It is important to keep the volume of data to be backed up or restored as small as possible, especially when backing up large Oracle databases. One way to do this is by backing up specific tablespaces.
You do not have to back up pure index tablespaces during a database backup. Index definitions are stored in the SYSTEM tablespace as a matter of course. Therefore, indexes can always be recreated.
As it takes longer to recreate indexes than to restore and recover index tablespaces, we do not generally recommend a backup strategy based on the BRBACKUP function –m all_data as described below. Only use this function for a good reason.
To back up all tablespaces except index tablespaces, perform one of the following:
· Start BRBACKUP with the command option -m all_data.
For more information, see -m|-mode.
· Set the profile parameter backup_mode = all_data in init<DBSID>sap.
For more information, see backup_mode.
During the backup, BRBACKUP indicates all pure index tablespaces, so that BRRECOVER and BRRESTORE recognize these. In the restore process, which uses a complete backup (brrestore -m all), you can exclude the pure index tablespaces with the command brrestore -m all_data. For more information, see -m|-mode.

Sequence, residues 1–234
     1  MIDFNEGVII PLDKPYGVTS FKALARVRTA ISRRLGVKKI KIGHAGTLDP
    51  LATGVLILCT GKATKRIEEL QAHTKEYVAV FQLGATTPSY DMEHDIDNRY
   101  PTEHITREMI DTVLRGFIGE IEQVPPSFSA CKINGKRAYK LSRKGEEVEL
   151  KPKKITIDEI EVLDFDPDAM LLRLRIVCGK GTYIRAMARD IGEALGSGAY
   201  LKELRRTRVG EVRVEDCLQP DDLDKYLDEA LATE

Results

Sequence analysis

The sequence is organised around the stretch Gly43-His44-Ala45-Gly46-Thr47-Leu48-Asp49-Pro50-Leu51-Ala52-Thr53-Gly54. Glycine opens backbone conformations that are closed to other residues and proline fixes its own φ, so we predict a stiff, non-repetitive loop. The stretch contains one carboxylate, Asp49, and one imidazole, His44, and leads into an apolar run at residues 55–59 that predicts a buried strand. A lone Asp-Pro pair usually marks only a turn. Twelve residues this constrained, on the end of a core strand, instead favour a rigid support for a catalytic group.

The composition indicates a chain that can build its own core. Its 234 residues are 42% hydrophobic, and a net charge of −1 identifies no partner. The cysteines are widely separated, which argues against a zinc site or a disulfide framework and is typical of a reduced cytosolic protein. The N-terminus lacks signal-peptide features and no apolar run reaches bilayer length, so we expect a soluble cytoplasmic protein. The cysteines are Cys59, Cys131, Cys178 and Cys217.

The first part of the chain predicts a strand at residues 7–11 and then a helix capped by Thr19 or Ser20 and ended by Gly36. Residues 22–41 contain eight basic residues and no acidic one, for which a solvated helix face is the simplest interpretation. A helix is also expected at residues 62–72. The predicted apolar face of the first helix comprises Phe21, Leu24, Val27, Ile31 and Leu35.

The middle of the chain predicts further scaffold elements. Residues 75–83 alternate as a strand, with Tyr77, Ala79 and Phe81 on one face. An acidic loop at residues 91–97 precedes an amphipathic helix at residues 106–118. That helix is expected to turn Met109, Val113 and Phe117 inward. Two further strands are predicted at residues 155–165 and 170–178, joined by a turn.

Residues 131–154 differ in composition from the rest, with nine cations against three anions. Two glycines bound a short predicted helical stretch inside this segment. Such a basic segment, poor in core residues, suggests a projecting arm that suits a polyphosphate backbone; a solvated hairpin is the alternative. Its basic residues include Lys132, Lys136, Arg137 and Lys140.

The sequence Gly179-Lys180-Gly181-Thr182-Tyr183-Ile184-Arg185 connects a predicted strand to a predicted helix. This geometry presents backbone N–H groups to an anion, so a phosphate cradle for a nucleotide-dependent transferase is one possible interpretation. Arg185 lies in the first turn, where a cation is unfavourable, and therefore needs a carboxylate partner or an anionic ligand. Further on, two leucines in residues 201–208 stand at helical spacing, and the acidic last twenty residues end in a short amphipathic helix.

After restoring the backed-up data tablespaces, both the index tablespaces and the indexes must be newly created with the definitions in the SYSTEM tablespace. BRRECOVER automatically performs this during the recovery.
BRRECOVER can now automatically handle the situation where the old index tablespaces are not restored. After the database is opened, BRRECOVER creates new index tablespaces called <OLD_TABLESPACE_NAME>I with the same space attributes as the old tablespaces:
· Oracle 10g: the tablespaces are renamed back to their old names
· Oracle 9i: you can trace them back to their old names by subsequently creating new index tablespaces with the old names and executing an online index rebuild at tablespace level ( this is “idrebuild” in BRSPACE).
After new indexes have been created, you must update optimizer statistics on these indexes. For example, you can use brconnect -f stats -t <tablespace name> to do this. For more information, see -f stats. This requires extra time, possibly canceling the expected time reduction from recreating indexes.
We recommend you to test the complete recovery procedure to find out whether you can indeed expect a time reduction of this approach.